Raymond G. Perelman Center for Cellular and Molecular Therapeutics

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Discovering new gene and cell therapies to better treat and potentially cure debilitating disorders is a driving factor behind the innovative research in the Raymond G. Perelman Center for Cellular and Molecular Therapeutics (CCMT). Established in 2005, the Center is dedicated to understanding, developing, and applying gene and related cell and nucleic acid therapies and the promotion of professional and public education in the field.

The CCMT aims to be in the forefront of pediatric medicine by fostering a multidisciplinary approach to leading edge research endeavors related to gene transfer, gene regulation, gene discovery, cell therapy, experimental models, correction of genetic and acquired diseases and clinical trials. These approaches will lead not only to a variety of applications in the treatment of inherited disorders, but also to the treatment of acquired and complex disorders, including heart disease, infectious diseases, neurodegenerative diseases, blood disorders and cancer. The CCMT has the capability to move basic pre-clinical discoveries rapidly into clinical application.

To support rapid translation from bench to bedside, the CCMT has the resources to manufacture a wide range of viral and non-viral vectors to transfer genes of interest and the capability of separating and manipulating human cells in order for gene therapy trials to be possible. Supporting the Center's efforts are three core units – the Human Pluripotent Stem Cell Core, Clinical Vector Core, and Research Vector Core – all crucial for advancing both basic and translational research in gene and cell therapies. The diverse group of researchers housed in the CCMT includes neuroscientists and hematologists well versed in the latest technologies and positioned at the forefront of cutting edge science.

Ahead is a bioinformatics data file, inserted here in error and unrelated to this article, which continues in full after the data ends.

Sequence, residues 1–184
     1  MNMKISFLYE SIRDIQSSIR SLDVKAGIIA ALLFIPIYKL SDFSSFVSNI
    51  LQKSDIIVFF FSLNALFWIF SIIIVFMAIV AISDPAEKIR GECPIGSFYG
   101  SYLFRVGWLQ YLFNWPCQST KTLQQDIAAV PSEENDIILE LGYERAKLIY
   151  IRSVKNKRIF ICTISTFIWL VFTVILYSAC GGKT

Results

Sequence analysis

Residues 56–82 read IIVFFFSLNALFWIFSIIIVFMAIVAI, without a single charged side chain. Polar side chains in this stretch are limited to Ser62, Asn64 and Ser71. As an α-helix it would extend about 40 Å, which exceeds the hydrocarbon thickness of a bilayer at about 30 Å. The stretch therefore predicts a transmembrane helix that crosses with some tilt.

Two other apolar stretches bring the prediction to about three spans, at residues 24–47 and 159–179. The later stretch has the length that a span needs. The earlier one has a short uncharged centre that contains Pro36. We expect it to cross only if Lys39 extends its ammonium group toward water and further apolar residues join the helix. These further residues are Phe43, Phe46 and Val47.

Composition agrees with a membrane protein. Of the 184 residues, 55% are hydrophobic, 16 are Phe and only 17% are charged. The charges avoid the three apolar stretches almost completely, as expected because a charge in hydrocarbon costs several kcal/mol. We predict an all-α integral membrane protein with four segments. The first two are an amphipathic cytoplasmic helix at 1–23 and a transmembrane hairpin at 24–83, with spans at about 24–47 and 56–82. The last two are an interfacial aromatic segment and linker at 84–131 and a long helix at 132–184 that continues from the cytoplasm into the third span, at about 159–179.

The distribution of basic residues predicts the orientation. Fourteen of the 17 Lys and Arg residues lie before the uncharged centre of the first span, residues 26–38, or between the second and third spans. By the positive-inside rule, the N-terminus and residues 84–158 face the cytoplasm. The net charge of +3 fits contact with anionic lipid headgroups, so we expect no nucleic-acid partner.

Leader

Beverly L. Davidson, PhD

Chief Scientific Strategy Officer
Dr. Davidson works to understand the molecular basis of childhood onset neurodegenerative diseases and the development of gene and small molecule therapies for treatment. She also focuses on how noncoding RNAs participate in neural development and neurodegenerative disease processes, and how they can be harnessed for therapies.